What will come after the death of the smartphone?
Not a week goes by where I don't come across an article or think piece that proclaims, with total confidence and little in the way of data or evidence, that the smartphone is dead.
"So-and-so is dead" is an older than dirt tech trope, and just in the two and a half decades that I've been watching tech I've seen it applied to countless technologies.
"The desktop PC is dead."
"The PC is dead."
"Mac is dead."
"Linux is dead."
"Windows is dead."
"The iPod is dead."
"Android is dead."
"Tablets are dead."
"Smartwatches are dead."
"Smartphones are dead."
The first thing that you may notice about these declarations is that, well, they didn't happen. Every one of those tech segments is alive and well. Sure, trends change, and there's an ebb and flow to what's popular or en vogue or "flavor of the month," but the reality is that it's hard to kill off something that's become mainstream.
Think about it. People still have radios and VCRs and cassette players and mechanical wristwatches and folding maps and film cameras and landlines and such, even though these technologies have been superseded by newer, and in most cases, cheaper, better, and more user-friendly technologies.
It's hard to kill things off.
That's not to say that things don't die, but it's easy to confuse individual products or brands with classes of products. I can rattle off a whole list of "dead tech" -- Microsoft Kin, Microsoft Zune, Amazon's Fire Phone, the iPAQ (no, not the iPad), Google Glass (at least the mainstream aspirations died), and Palm to name just a few.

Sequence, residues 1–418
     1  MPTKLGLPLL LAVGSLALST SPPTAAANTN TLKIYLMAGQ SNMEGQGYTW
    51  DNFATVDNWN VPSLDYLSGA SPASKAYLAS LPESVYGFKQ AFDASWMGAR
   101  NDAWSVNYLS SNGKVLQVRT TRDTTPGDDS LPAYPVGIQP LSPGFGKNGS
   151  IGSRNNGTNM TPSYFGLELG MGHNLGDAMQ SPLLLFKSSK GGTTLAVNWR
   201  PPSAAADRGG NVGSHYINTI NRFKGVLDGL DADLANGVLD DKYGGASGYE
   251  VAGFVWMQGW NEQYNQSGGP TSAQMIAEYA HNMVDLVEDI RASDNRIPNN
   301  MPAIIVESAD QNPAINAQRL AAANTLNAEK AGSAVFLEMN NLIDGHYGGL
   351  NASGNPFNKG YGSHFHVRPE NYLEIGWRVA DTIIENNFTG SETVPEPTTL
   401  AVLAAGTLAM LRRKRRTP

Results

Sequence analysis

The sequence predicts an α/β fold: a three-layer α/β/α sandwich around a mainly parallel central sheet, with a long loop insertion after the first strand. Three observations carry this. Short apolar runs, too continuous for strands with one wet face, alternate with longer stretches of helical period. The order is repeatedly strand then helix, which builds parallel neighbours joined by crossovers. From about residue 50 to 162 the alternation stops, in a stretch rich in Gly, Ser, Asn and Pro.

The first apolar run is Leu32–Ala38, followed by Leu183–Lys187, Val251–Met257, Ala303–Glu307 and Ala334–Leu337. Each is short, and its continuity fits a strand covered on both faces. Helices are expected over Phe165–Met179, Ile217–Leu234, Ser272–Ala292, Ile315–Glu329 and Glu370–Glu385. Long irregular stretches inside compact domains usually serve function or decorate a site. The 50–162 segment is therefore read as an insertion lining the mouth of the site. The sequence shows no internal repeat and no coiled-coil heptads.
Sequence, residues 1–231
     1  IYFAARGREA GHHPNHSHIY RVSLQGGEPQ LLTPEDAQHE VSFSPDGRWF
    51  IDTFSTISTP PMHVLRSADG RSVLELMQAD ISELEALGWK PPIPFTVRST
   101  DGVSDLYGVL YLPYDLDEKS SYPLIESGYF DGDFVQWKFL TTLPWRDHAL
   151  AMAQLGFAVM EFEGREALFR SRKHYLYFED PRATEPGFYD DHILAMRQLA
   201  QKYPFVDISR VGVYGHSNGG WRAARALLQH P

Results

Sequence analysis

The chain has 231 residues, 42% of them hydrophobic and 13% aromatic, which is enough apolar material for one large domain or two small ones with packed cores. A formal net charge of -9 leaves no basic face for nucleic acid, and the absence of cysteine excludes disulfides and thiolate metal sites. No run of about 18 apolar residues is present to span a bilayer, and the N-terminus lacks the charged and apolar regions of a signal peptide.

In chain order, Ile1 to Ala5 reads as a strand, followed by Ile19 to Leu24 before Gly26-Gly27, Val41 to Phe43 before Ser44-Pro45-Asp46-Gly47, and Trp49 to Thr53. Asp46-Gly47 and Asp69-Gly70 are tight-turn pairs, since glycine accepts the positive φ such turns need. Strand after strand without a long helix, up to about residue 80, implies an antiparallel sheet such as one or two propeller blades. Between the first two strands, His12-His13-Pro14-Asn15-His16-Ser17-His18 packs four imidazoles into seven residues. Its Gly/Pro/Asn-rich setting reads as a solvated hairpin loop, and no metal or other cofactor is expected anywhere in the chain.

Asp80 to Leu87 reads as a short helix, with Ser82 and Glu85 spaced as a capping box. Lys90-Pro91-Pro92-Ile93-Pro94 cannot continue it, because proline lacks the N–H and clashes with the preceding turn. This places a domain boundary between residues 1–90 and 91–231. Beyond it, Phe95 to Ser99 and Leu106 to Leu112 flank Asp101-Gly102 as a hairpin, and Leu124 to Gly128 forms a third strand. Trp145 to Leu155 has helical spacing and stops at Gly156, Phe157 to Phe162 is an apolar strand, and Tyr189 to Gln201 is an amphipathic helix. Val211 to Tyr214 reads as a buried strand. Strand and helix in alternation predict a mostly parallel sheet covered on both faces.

And there are companies who have either gone or are no longer burning as bright as they once were -- Blackberry is one that springs irresistibly to mind -- but that's a different thing to "the smartphone is dead."
Bottom line, it's just not easy to kill things off. Yes, technology changes and evolves and goes in new and different directions, but that's an entirely different thing.
And coming specifically to the smartphone, what exactly is supposed to replace it?
The technology that's usually highlighted as the "smartphone killer" (anther lazy tech trope) is a VR/AR/mixed reality device, such as Microsoft's HoloLens.
Just last week, Alex Kipman, the main inventor of Microsoft's holographic headset, the HoloLens, was quoted as saying that "the phone is already dead. People just haven't realized."
So I'm expected to believe that a small, massively multifunctional device that can easily be slipped in and out of a pocket or handbag when needed, or popped up on a desk or cradle in the car for convenience, it going to be killed off by a pair of goggles that people have to strap to their faces?
Let's for a moment put aside the cost of these devices, and the computing power they require (the computing power will catch up over time). Let's also have selective amnesia in regards to Google's smartglasses project that died so hard that no other company has ventured down that path.
And let's also gloss over also the huge legislative and social norms changes that would need to happen to make it possible for people to wear AR/VR/mixed reality devices on their faces when out and about.
OK, with all that out of the way, what mainstream advantages does something like HoloLens have over the smartphone (answers in the comment section below, please)?
I'm not saying that AR/VR/mixed reality devices couldn't one day become "the next big thing," but to say that the smartphone is dead based on where this technology is currently at is either naïve, wild wishful thinking, or just plain hype.
So please, can we stop it with the "so-and-so is dead" nonsense? Please.
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